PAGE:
Bluffing at Bialystok


German WW I ‘Feldbahn’ 0-8-0T, built Borsig 1918. Photo BTWT.

A quick dash to attend a meeting in Bialystock yesterday left me with some time on my hands. While waiting for my preferred return train to Warsaw, the Tour de Pologne, a glance out the station window revealed this fine example example of a Prussian military light railway (Feldbahn) 0-8-0T plinthed in the forecourt.

TX 100? Actually Tx 201! Photo BTWT.

As sometimes happens in railway circles, the engine currently carries a false identity. As far as I was able to ascertain, ‘PKP TX 100’ was never part of PKP’s operational stock list. According to the locomotive’s history as published on Tomislaw Czarnecki’s excellent on-line data base Wciaz pod para… after the locomotive finished its war service it worked for a time on the Reseau de la Marne in France and then in 1945 was acquired by the Forestry Department at Czarna Bialostocka where it worked on their 600 mm forestry railway.

The loco and bar coach are kept very smart. Photo BTWT.

Needless to say the loco was never ‘TX 100’ but was allocated the stock number ‘Tx 201’, though whether it ever physically carried this number is a matter of conjecture. Certainly, when the locomotive was withdrawn to spend the first part of its retirement on the Zloty Stock housing estate in Bialystock, it carried the name ‘Basia’ (the diminutive of ‘Barbara’) painted on its tank sides.

Divorcing narrow gauge steam locomotives from the railways on which they used to run is a strange Polish custom. Is it to much to ask that one day the engine might be able to return to the forestry line at Czarna Bialostocka?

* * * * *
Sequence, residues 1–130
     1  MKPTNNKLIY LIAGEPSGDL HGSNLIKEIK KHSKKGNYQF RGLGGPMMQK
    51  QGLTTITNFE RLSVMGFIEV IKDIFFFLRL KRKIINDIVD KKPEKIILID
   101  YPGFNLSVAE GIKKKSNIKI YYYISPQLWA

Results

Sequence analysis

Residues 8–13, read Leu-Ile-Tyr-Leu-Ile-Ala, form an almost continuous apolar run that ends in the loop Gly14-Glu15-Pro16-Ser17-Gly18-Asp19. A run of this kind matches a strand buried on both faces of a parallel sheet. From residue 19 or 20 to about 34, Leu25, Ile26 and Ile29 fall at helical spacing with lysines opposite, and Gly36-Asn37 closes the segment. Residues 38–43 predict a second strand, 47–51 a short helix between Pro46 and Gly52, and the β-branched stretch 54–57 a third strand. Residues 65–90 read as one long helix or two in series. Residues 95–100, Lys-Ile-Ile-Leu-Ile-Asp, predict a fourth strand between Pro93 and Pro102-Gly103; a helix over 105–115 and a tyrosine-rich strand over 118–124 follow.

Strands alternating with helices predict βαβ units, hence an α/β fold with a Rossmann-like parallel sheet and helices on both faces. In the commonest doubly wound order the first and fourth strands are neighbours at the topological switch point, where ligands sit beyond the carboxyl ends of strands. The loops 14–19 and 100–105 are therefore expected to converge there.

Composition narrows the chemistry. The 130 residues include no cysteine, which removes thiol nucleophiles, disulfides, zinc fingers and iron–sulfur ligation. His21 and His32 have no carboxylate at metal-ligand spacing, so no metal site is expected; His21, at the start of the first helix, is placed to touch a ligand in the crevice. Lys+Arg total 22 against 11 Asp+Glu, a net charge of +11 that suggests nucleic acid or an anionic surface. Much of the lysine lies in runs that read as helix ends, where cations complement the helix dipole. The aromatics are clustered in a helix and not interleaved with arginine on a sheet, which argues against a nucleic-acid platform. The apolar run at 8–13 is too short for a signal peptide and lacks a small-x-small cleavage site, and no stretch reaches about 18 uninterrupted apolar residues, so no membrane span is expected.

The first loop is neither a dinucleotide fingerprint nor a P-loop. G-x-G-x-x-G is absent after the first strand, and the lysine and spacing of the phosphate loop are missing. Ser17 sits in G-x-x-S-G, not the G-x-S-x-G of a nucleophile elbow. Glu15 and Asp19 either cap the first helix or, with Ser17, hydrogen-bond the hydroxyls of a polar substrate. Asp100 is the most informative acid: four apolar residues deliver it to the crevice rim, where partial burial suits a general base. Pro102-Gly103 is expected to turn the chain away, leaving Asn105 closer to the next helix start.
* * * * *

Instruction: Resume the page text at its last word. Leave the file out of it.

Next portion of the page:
One Response to “Bluffing at Bialystok”

  1. Robert Hall Says:

    My curiosity by the mention of this loco’s having worked post-World War 1 on the Reseau de la Marne in France. Referring to W.J.K. Davies’s “Minor Railways of France”, gives cause for wondering about what 600mm gauge there might have been in the Departement of Marne, in that era. Davies tells of a shortish period (approx. 1918 – 26) when further north-west, in the areas which had truly been devastated by WW1, France’s “Ministere des Regions Liberees” fostered the temporary common-carrier use of 600mm lines which had been built for military purposes during the war.

    From what I read in Davies, however, Departement of Marne was less wrecked by the war; and its narrow-gauge system, totally metre-gauge, was – though somewhat battered by wartime events – quite speedily put together again on m/g, post-1918. Would be most interested to hear otherwise, re 600mm involvement.

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